On the status of weapons still on board the submarine, he said a team comprising the chief of naval armament depot and commanding officer of a missile base has been set up.

“The team has been asked to carry out a detailed study to assess the state of explosives on board and quantify the risk associated with salvage operations because there is fear about further explosions. So, we are trying to clear that,” he said.

Antony said the water sample from the torpedo compartment of the submarine has been analysed in a laboratory in Pune and “immediate analysis does not indicate any presence of TNT in the water samples and the partially burnt yellow material. Further investigation is underway.”

He said the submarine refitted in Russia for two years was most modern and it involved a “large amount” of money.

“I can assure you, on one side, we will leave no stone unturned to salvage this submarine at the earliest and after that, follow up with further action. Navy is taking all steps to salvage this submarine at earliest and try to find out exact reasons. After that we will study the salvaged parts of the submarine,” he said.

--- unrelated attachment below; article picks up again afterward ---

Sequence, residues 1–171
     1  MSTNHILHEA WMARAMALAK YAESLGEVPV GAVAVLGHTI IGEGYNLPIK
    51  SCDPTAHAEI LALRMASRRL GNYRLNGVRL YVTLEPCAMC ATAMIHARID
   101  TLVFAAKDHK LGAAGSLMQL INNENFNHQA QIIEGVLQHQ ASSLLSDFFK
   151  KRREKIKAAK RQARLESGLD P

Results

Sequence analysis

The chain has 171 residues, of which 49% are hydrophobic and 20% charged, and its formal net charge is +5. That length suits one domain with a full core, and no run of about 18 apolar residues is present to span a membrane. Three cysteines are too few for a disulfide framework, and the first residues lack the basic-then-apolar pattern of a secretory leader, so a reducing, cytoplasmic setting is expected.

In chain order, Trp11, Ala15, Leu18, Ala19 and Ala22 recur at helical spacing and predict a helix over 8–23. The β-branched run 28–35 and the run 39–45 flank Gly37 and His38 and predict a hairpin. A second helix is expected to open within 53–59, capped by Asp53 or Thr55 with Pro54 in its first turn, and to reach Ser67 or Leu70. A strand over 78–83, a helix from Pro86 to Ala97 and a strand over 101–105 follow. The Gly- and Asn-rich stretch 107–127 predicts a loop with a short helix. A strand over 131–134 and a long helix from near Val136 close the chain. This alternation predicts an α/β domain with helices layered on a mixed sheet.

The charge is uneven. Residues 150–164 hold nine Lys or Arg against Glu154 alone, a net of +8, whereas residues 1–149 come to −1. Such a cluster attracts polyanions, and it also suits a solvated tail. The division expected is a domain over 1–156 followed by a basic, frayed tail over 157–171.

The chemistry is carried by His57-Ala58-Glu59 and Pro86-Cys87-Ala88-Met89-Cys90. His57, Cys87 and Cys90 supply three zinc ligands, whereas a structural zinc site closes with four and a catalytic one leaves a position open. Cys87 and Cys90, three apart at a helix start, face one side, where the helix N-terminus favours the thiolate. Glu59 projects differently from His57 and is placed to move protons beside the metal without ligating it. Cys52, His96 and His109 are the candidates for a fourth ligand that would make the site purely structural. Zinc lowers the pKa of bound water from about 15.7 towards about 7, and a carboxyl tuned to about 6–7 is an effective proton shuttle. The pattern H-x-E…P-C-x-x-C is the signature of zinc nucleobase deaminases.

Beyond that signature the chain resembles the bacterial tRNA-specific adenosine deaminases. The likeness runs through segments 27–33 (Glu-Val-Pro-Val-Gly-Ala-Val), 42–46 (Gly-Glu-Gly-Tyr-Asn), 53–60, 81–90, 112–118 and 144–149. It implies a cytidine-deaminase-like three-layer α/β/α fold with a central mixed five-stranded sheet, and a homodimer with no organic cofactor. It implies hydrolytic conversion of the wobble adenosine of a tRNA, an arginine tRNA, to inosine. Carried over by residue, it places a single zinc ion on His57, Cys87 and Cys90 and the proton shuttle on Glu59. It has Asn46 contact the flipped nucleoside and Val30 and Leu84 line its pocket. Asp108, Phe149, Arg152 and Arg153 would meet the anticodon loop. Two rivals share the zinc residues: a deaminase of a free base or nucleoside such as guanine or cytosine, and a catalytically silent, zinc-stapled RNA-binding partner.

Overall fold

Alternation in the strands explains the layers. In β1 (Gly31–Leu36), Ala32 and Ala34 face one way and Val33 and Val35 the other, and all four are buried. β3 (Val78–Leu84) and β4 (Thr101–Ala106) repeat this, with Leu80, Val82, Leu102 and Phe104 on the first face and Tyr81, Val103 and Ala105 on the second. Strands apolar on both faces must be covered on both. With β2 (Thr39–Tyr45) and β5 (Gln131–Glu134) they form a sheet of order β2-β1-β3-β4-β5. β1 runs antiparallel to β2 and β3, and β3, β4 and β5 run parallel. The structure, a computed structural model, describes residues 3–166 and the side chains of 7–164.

The Minister clarified that there was no system of insuring warships and submarines in the Navy and armed forces.

He said diving operations of naval personnel were on to find out the “state of weapons and for locating water breaches in the vessel”.

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Re: INS Sindurakshak Sinks after explosion in Mumbai Naval D

Postby ramana » 23 Aug 2013 23:54

One team is looking at possibility that a stuxnet type virus was introduced either accidentally or deliberately during the refit.

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Re: INS Sindurakshak Sinks after explosion in Mumbai Naval D

Postby Lalmohan » 24 Aug 2013 00:01

doesnt have to be during the refit, could be introduced through the navy network inadvertently too
(just like at natanz)

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Re: INS Sindurakshak Sinks after explosion in Mumbai Naval D

Postby rajatmisra » 24 Aug 2013 10:36